In Tragedies Great and Small, My Advice to Me: Do Not Be Afraid

So do not fear, for I am with you; do not be dismayed, for I am your God. I will strengthen you and help you; I will uphold you with my righteous right hand.

Isaiah 41:10


The world won’t get no better if we just let it be
The world won’t get no better we gotta change it yeah, just you and me
Wake Up, Everybody” (John Whitehead, Gene McFadden and Victor Carstarphen)

How to comfort a troubled spirit? There is no magic remedy. There probably isn’t any ready advice from an “expert”. Sometimes, events unfold, and you are surprised, and, perhaps, chastened.

I was in radio news in Kansas City the morning the space shuttle Challenger exploded in 1986. My wife, who was having a meeting in her office not far from the station, with our station playing  at a low level. She told me later she heard a different tone in my voice as I read early news bulletins ahead of joining our network coverage; she quieted everyone. ”Something’s very wrong! Listen..” After my shift ended, I went to pick up our son at school. His first words: “It’s true, isn’t it?” “Yes..” “I knew it!” was his disgusted response. He trusted me to tell the truth. Yes, the adults in charge had failed, people died, and his dream was crushed.

In early 1982, I was at a radio station in Waterloo, Iowa, as News Director. Early one morning, I was  informed by a news staffer that a man in a nearby town had murdered his infant son in a rage overnight. As a father, I was very upset..and was determined to stare down this monster, face to face, after his court appearance that afternoon. I sat, with other media, in the courtroom. The door opened, and it wasn’t someone with horns and a tail. The guy looked like me.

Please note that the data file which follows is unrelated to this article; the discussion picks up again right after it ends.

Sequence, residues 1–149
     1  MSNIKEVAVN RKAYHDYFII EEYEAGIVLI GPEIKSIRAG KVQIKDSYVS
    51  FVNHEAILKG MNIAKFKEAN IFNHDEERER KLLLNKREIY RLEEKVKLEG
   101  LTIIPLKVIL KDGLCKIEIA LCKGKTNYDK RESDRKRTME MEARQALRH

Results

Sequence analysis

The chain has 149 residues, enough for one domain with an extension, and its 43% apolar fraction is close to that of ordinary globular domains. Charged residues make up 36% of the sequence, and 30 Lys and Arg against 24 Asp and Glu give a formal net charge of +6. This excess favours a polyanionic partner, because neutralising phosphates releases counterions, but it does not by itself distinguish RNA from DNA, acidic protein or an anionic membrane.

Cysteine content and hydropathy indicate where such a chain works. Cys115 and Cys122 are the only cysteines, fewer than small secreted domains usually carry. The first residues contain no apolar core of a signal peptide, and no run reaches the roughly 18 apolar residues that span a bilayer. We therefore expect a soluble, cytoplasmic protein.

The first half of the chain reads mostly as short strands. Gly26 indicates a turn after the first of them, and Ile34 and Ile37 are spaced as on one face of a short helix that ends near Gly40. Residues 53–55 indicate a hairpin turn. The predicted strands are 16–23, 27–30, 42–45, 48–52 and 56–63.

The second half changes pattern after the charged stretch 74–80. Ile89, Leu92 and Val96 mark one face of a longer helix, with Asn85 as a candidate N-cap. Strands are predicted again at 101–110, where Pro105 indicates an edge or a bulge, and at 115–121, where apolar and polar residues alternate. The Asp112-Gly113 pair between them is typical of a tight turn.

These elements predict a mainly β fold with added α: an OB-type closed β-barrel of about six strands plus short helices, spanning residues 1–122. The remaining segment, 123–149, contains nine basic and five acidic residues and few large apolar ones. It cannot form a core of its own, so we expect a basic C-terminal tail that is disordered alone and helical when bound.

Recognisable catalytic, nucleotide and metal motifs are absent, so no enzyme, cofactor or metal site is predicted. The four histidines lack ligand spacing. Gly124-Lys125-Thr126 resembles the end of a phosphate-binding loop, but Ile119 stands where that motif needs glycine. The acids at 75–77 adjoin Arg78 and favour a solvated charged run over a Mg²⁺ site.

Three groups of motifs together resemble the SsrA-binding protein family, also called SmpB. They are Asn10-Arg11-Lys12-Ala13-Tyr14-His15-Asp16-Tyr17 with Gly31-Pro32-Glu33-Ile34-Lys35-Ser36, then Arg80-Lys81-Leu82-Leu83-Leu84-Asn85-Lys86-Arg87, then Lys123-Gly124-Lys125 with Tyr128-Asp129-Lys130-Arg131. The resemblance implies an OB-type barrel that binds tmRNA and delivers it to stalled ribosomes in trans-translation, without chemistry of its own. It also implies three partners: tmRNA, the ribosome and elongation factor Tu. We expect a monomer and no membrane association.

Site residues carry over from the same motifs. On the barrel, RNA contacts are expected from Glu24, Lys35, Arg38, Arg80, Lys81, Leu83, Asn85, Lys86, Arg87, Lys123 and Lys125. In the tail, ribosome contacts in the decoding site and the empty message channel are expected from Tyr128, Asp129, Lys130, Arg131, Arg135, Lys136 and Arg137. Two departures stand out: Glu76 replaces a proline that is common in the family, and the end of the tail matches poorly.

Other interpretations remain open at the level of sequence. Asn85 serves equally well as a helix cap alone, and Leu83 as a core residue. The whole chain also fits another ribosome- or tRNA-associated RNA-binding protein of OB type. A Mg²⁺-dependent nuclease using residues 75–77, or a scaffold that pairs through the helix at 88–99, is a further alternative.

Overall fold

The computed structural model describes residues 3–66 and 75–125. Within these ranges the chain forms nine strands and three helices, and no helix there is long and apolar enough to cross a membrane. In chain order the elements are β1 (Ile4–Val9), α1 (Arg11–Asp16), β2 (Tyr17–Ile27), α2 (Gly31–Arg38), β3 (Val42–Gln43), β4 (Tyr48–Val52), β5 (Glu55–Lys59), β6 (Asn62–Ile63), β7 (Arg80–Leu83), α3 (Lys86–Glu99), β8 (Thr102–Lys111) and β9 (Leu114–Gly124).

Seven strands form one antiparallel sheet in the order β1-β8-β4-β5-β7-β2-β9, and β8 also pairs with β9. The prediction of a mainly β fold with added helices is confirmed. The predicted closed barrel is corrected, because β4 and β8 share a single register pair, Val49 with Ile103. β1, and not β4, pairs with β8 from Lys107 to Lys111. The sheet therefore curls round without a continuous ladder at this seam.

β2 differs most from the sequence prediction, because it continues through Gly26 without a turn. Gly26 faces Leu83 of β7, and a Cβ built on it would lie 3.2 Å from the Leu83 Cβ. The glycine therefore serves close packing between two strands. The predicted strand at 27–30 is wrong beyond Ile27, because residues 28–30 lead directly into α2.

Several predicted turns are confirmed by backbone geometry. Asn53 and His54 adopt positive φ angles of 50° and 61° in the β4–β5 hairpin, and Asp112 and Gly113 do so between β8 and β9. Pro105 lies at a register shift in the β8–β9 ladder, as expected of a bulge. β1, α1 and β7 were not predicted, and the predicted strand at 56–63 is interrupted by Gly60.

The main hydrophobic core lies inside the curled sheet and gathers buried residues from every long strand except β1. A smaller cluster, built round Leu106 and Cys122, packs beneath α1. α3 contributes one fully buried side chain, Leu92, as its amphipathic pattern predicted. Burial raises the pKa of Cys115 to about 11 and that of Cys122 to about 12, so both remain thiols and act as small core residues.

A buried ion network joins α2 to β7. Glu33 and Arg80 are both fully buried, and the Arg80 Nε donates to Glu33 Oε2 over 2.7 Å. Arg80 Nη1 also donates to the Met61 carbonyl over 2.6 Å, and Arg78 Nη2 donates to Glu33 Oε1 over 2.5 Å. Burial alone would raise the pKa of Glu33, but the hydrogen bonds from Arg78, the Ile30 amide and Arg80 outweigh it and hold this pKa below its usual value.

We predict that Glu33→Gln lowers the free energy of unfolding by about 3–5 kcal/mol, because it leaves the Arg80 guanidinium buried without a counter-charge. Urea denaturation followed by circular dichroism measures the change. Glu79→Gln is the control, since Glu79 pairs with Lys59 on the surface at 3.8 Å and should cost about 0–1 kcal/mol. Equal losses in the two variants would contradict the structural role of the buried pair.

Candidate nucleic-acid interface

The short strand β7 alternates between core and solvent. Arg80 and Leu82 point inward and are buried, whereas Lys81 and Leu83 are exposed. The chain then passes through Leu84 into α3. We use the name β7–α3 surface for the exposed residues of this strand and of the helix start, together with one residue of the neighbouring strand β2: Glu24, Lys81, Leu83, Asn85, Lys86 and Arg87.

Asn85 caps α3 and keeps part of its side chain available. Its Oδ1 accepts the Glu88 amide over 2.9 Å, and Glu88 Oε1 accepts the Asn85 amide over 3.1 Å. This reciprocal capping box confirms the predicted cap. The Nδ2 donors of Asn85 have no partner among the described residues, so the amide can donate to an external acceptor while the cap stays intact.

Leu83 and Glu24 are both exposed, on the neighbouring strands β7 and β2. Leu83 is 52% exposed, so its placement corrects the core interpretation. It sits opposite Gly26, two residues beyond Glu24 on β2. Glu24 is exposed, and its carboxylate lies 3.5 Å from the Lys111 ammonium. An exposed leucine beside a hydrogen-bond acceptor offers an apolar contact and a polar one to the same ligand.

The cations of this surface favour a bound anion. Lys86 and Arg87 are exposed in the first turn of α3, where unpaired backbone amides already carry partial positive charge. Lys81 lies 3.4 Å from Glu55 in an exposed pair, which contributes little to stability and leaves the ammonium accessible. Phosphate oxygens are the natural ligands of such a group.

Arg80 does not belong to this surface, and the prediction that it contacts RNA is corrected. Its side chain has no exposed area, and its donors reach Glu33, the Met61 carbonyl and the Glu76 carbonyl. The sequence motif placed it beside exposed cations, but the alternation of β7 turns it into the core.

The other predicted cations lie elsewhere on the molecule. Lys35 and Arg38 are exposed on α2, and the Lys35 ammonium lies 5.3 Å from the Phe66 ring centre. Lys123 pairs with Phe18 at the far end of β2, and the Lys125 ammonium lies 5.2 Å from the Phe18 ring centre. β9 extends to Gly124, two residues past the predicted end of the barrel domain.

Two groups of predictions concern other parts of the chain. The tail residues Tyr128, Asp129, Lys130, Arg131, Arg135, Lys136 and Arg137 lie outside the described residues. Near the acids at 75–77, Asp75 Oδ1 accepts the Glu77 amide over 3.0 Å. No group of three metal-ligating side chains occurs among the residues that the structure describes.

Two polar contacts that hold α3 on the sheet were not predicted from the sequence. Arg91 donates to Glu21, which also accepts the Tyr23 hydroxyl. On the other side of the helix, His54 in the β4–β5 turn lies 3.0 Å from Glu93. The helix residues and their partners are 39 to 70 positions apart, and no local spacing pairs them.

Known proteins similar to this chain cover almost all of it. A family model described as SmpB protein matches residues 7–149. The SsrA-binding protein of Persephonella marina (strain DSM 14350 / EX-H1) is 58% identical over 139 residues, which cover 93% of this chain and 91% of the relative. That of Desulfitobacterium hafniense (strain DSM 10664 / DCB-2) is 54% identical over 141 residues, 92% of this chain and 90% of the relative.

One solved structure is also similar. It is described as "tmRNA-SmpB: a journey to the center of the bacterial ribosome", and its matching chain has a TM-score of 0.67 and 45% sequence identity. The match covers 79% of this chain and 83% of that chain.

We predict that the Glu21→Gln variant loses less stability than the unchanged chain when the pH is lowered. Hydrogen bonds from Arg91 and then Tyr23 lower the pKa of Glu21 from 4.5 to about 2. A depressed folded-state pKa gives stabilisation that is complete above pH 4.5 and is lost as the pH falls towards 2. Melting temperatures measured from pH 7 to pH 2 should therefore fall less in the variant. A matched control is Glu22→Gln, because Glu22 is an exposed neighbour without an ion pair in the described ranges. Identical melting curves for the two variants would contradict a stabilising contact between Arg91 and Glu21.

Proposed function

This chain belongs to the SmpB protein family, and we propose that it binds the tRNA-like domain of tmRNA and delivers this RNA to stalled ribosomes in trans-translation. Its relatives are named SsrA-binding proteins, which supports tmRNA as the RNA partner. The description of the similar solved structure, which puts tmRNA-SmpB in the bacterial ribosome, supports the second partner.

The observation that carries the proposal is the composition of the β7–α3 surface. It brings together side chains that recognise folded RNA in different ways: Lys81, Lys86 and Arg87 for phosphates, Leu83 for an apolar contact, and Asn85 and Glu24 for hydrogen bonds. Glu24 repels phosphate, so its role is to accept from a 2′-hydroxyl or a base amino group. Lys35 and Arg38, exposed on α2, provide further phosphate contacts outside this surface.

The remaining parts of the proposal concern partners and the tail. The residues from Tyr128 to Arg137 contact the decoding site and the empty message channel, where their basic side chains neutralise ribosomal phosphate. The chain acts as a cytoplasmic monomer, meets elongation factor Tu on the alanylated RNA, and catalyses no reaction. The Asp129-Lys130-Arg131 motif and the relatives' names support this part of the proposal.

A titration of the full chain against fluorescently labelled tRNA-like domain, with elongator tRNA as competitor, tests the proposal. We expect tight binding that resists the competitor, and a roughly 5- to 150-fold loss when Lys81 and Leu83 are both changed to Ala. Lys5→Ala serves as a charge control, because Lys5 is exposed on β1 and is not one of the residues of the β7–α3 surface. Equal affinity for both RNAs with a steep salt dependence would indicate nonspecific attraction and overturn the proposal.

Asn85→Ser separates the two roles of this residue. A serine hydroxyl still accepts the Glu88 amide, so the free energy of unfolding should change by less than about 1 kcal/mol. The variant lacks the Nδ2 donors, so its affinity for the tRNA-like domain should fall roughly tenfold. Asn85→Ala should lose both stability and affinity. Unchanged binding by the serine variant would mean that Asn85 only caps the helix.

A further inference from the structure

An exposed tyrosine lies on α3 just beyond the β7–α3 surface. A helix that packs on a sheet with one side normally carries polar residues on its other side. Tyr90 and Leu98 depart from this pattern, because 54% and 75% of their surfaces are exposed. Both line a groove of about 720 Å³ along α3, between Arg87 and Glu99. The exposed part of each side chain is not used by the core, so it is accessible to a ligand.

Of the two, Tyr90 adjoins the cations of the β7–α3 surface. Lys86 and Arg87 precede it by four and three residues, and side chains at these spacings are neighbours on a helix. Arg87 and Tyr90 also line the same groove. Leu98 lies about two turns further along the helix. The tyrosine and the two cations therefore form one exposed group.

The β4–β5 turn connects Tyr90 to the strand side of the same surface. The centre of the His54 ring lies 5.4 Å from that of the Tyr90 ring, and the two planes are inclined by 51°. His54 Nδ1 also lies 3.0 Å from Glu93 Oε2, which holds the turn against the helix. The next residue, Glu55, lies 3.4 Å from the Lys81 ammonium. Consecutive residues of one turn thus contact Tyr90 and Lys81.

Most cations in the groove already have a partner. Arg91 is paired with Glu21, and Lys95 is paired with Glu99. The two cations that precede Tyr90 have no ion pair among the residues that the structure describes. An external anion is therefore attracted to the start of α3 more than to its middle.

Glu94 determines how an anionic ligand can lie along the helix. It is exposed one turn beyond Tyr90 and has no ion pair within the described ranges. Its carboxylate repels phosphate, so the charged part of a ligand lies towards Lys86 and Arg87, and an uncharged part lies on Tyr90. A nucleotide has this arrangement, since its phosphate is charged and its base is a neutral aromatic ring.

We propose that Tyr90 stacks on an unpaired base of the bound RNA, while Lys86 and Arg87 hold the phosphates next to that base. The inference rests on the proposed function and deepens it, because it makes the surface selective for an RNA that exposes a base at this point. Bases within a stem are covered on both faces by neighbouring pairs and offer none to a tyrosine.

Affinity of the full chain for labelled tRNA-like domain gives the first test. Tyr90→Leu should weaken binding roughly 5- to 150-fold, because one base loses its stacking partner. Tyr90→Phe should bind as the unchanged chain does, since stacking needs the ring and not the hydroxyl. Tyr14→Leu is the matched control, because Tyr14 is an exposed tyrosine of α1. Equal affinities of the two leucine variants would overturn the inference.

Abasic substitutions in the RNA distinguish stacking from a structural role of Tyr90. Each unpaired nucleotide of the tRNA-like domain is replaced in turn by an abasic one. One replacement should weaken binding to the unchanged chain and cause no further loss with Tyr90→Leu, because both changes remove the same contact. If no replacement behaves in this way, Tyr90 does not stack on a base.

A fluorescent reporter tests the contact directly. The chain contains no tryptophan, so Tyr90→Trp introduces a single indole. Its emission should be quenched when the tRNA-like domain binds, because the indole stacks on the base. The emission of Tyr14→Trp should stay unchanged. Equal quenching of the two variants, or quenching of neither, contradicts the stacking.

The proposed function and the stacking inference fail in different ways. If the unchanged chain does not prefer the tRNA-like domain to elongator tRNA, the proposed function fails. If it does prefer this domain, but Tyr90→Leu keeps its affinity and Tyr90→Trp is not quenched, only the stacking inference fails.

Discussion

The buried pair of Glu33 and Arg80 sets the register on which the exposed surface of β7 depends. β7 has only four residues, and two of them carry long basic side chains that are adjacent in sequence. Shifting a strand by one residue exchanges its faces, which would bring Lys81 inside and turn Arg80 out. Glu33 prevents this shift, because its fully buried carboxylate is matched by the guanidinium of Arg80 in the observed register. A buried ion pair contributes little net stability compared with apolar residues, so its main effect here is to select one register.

I was the messenger of human failing. I rethought my profession many more times after these events.I was afraid I could not be impartial. As it was, in 2005, I “retired” from broadcasting with the intent to find the path to help others hone their God-given talent  and  skills to communicate effectively and honestly, and with humility. My path has taken me to Benedictine College, on the cusp of my 13th year.

I have had many conversations with current and former students, as well as colleagues and friends about the effect studying the Rule, and, especially, Chapter 7, where Benedict exhorts his followers to carefully measure their ascent and descent of their personal ladder:

Accordingly, brothers, if we want to reach the highest summit of humility, if we desire to attain speedily that exaltation in heaven to which we climb by the humility of this present life,  then by our ascending actions we must set up that ladder on which Jacob in a dream saw angels descending and ascending (Gen 28: 12). Without doubt, this descent and ascent can signify only that we descend by exaltation and ascend by humility.

The song “Wake Up, Everybody” was released in the mid-1970s. It was a modern R&B and  pop hit and, nearly 50 years on, is a personal testament by the writers, emotionally rendered by Teddy Pendergrass, It is such a simple message. We must be the change of heart the world sees, to challenge other hearts, and other souls, to set aside their fear and join us on a path that will be rough, but will take us, together, to a better place.

In the midst of anger, sorrow, doubt, and fear that grips us as Americans, we search for an answer, but, maybe, we have to not only determine the questions but what we, individually, are able to do for one other. You and I cannot change every human heart  filled with fear, but we can discern God’s plan for us to assist, with good great sincerity and, yes, our personal “descent”, so that another may realize a release of pain and, together, one with one, begin  the path of healing.

Michael Throop